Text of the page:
Comparative effectiveness of ChAdOx1 versus BNT162b2 covid-19 vaccines in health and social care workers in England: cohort study using OpenSAFELY

William J Hulme, Elizabeth J Williamson, Amelia C A Green, Krishnan Bhaskaran, Helen I McDonald, Christopher T Rentsch, Anna Schultze, John Tazare, Helen J Curtis, Alex J Walker, Laurie A Tomlinson, Tom Palmer, Elsie M F Horne, Brian MacKenna, Caroline E Morton, Amir Mehrkar, Jessica Morley, Louis Fisher, Sebastian C J Bacon, David EvansPeter Inglesby, George Hickman, Simon Davy, Tom Ward, Richard Croker, Rosalind M Eggo, Angel Y S Wong, Rohini Mathur, Kevin Wing, Harriet Forbes, Daniel J Grint, Ian J Douglas, Stephen J W Evans, Liam Smeeth, Chris Bates, Jonathan Cockburn, John Parry, Frank Hester, Sam Harper, Jonathan A C Sterne, Miguel A Hernán, Ben Goldacre

Research output: Contribution to journalArticlepeer-review

Abstract

OBJECTIVE: To compare the effectiveness of the BNT162b2 mRNA (Pfizer-BioNTech) and the ChAdOx1 (Oxford-AstraZeneca) covid-19 vaccines against infection and covid-19 disease in health and social care workers.

DESIGN: Cohort study, emulating a comparative effectiveness trial, on behalf of NHS England.

SETTING: Linked primary care, hospital, and covid-19 surveillance records available within the OpenSAFELY-TPP research platform, covering a period when the SARS-CoV-2 Alpha variant was dominant.

PARTICIPANTS: 317 341 health and social care workers vaccinated between 4 January and 28 February 2021, registered with a general practice using the TPP SystmOne clinical information system in England, and not clinically extremely vulnerable.

INTERVENTIONS: Vaccination with either BNT162b2 or ChAdOx1 administered as part of the national covid-19 vaccine roll-out.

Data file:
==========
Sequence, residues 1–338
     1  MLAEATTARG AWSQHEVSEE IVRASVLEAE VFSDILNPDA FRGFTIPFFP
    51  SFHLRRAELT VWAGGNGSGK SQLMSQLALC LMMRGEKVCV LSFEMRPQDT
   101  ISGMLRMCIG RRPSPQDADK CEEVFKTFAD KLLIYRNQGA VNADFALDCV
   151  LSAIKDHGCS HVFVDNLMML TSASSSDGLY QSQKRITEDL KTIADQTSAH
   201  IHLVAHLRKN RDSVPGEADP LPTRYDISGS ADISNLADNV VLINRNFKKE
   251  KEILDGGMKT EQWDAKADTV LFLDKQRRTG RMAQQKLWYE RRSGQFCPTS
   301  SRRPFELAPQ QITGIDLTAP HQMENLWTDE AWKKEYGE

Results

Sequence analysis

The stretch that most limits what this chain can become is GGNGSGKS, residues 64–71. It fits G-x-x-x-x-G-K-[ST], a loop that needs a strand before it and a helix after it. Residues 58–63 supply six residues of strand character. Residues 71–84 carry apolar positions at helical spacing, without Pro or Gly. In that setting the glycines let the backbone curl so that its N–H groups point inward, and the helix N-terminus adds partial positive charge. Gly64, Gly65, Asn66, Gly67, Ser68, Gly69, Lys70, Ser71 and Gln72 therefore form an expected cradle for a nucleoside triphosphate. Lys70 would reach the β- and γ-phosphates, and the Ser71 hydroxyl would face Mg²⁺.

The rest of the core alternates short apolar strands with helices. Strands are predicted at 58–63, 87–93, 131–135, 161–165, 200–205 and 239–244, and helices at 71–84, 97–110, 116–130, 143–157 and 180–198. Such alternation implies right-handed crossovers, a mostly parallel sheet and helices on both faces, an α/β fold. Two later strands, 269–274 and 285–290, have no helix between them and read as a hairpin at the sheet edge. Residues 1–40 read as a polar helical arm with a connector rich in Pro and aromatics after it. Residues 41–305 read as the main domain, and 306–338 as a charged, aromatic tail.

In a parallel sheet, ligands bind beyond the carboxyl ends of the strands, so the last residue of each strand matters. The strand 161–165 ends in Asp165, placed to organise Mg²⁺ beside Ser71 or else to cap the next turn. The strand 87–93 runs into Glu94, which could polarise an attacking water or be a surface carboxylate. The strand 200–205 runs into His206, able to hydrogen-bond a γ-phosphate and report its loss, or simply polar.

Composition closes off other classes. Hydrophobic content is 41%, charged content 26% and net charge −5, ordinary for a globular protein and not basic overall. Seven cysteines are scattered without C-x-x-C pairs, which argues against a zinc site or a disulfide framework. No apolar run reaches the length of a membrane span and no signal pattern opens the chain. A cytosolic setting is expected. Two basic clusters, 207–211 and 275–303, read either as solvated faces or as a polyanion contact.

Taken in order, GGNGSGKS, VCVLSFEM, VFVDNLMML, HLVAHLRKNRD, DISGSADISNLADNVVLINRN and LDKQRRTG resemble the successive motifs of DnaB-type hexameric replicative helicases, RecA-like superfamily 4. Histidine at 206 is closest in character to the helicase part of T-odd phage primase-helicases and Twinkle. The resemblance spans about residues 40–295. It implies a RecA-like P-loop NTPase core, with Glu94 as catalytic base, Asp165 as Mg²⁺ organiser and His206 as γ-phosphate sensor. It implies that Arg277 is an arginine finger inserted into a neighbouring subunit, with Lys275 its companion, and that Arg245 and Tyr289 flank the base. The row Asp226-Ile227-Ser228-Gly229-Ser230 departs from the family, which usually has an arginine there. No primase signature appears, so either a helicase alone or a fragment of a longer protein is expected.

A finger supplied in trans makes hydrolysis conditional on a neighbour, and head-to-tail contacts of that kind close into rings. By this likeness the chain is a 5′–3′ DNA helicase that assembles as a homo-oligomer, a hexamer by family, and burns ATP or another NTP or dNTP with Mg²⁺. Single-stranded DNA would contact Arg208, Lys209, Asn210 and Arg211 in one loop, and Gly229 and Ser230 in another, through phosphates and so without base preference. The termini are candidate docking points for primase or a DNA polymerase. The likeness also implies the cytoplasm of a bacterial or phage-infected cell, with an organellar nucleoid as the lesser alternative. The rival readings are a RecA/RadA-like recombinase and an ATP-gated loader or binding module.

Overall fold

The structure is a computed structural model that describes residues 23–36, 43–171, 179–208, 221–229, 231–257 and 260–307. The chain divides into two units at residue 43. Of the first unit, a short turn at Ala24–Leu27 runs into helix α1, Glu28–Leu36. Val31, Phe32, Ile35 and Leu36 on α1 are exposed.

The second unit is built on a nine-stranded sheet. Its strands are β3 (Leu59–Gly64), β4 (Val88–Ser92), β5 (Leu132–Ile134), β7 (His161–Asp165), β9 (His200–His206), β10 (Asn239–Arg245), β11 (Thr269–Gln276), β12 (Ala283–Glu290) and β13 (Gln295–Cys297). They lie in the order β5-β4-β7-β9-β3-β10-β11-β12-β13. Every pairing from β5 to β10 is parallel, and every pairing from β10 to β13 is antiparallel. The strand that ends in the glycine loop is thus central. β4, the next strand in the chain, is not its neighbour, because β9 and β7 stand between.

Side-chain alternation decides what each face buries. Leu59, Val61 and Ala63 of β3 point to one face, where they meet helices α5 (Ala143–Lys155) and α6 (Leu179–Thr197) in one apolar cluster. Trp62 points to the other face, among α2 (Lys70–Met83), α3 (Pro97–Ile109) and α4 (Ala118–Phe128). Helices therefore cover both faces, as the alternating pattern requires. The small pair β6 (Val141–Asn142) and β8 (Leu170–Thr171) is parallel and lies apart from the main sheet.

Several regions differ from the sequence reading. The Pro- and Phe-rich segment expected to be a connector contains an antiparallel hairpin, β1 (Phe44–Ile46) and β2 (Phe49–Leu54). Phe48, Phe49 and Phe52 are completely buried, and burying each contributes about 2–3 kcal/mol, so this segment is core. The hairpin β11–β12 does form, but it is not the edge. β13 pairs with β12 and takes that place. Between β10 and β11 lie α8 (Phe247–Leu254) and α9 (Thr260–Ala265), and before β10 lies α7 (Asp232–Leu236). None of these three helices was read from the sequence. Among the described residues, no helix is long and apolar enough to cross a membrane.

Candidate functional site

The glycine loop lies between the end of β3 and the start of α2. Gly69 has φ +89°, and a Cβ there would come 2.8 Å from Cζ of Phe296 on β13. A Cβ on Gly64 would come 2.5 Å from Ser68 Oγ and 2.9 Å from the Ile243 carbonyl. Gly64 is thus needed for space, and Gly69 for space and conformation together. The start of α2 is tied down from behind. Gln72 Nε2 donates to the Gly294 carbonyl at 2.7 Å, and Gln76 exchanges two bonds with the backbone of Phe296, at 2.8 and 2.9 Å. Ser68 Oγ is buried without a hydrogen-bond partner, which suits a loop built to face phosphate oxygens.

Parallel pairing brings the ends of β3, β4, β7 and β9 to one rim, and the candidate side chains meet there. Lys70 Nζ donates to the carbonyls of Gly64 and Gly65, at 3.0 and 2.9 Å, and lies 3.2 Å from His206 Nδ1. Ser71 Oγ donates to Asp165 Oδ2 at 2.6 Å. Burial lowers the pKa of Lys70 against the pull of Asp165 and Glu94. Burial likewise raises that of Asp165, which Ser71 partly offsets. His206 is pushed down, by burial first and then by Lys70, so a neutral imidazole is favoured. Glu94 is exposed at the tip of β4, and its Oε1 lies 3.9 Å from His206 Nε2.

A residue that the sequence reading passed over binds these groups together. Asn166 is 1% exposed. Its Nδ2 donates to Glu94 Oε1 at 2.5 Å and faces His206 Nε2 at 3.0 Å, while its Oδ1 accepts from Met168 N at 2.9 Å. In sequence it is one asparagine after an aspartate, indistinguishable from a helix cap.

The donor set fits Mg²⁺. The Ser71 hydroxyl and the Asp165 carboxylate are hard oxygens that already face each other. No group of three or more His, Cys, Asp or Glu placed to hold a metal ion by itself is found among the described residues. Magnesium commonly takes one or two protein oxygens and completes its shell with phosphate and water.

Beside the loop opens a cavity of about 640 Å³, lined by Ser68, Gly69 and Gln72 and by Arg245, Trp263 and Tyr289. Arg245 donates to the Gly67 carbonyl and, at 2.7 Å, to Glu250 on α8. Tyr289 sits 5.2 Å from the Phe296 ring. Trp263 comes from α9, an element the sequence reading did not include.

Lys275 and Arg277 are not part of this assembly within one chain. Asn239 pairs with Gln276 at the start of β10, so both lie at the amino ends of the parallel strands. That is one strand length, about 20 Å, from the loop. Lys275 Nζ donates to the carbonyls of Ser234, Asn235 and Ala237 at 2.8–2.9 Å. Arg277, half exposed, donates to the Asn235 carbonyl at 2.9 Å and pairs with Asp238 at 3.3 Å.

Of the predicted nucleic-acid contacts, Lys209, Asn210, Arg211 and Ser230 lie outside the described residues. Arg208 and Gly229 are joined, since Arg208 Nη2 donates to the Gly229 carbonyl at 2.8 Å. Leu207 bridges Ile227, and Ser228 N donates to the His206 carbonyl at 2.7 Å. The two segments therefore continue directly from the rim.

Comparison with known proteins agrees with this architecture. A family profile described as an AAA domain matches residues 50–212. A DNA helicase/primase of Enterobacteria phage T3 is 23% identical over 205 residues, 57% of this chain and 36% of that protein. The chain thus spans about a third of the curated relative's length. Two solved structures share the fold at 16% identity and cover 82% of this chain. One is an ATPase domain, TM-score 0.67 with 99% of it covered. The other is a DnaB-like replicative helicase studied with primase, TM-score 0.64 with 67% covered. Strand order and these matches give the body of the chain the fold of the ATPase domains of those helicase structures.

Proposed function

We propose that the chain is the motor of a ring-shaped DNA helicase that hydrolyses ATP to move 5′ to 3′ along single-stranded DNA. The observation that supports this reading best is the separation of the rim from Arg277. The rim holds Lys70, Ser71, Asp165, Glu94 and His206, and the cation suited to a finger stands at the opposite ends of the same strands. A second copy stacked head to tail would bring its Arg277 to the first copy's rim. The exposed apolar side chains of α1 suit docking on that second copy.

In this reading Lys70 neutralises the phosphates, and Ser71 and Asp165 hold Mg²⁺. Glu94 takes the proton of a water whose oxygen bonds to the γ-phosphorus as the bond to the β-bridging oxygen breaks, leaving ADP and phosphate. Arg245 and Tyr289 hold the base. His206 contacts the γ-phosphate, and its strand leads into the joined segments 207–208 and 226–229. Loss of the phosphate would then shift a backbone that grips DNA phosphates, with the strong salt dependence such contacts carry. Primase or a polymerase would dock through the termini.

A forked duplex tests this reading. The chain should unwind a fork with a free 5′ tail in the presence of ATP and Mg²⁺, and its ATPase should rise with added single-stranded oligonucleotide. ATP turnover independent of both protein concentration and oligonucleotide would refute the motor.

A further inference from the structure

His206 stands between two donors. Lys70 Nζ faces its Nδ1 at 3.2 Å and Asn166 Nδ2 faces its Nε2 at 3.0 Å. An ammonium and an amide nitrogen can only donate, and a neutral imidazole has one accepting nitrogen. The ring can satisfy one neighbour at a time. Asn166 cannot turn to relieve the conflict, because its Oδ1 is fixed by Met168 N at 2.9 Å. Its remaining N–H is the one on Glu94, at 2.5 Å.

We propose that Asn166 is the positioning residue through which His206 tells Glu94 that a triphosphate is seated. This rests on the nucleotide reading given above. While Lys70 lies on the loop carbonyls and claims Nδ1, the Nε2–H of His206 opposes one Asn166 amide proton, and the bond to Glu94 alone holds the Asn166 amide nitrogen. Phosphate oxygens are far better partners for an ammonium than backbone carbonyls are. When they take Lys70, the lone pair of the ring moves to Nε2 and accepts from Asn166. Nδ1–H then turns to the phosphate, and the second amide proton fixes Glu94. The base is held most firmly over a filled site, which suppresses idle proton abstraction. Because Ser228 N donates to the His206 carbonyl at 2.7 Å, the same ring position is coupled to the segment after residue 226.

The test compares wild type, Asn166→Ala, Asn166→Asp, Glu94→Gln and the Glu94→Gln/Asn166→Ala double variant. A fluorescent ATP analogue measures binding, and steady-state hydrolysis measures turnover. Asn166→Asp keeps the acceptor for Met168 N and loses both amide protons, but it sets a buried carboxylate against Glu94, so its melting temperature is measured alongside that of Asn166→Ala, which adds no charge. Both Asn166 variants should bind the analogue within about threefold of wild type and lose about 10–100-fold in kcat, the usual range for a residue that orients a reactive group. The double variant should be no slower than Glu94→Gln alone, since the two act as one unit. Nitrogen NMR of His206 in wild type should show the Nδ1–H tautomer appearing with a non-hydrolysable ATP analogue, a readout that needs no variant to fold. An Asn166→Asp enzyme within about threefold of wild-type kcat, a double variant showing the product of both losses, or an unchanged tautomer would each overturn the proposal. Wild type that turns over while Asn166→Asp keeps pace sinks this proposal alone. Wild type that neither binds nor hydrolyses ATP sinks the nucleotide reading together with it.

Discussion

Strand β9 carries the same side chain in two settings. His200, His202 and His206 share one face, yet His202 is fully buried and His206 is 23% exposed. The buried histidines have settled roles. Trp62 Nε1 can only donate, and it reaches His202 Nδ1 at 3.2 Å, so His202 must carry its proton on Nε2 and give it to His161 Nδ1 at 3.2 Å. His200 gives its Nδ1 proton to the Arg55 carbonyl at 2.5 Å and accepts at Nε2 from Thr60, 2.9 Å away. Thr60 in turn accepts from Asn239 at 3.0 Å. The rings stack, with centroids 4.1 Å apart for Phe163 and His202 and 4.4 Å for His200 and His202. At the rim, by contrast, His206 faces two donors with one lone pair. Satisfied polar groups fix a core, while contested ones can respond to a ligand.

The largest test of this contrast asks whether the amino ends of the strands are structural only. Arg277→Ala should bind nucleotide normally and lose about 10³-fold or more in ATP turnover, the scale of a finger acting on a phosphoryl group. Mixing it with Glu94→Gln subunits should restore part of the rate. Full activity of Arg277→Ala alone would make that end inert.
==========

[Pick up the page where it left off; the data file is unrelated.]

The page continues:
MAIN OUTCOME MEASURES: Recorded SARS-CoV-2 positive test, or covid-19 related attendance at an accident and emergency (A&E) department or hospital admission occurring within 20 weeks of receipt of the first vaccine dose.

RESULTS: Over the duration of 118 771 person-years of follow-up there were 6962 positive SARS-CoV-2 tests, 282 covid-19 related A&E attendances, and 166 covid-19 related hospital admissions. The cumulative incidence of each outcome was similar for both vaccines during the first 20 weeks after vaccination. The cumulative incidence of recorded SARS-CoV-2 infection 20 weeks after first-dose vaccination with BNT162b2 was 21.7 per 1000 people (95% confidence interval 20.9 to 22.4) and with ChAdOx1 was 23.7 (21.8 to 25.6), representing a difference of 2.04 per 1000 people (0.04 to 4.04). The difference in the cumulative incidence per 1000 people of covid-19 related A&E attendance at 20 weeks was 0.06 per 1000 people (95% CI -0.31 to 0.43). For covid-19 related hospital admission, this difference was 0.11 per 1000 people (-0.22 to 0.44).

CONCLUSIONS: In this cohort of healthcare workers where we would not anticipate vaccine type to be related to health status, we found no substantial differences in the incidence of SARS-CoV-2 infection or covid-19 disease up to 20 weeks after vaccination. Incidence dropped sharply at 3-4 weeks after vaccination, and there were few covid-19 related hospital attendance and admission events after this period. This is in line with expected onset of vaccine induced immunity and suggests strong protection against Alpha variant covid-19 disease for both vaccines in this relatively young and healthy population of healthcare workers.

Original languageEnglish
Pages (from-to)e068946
JournalBMJ (Clinical research ed.)
Volume378
DOIs
Publication statusPublished - 20 Jul 2022
Externally publishedYes

Keywords

  • BNT162 Vaccine
  • COVID-19/epidemiology
  • COVID-19 Vaccines
  • Cohort Studies
  • Health Personnel
  • Humans
  • SARS-CoV-2
  • Social Support
  • Viral Vaccines

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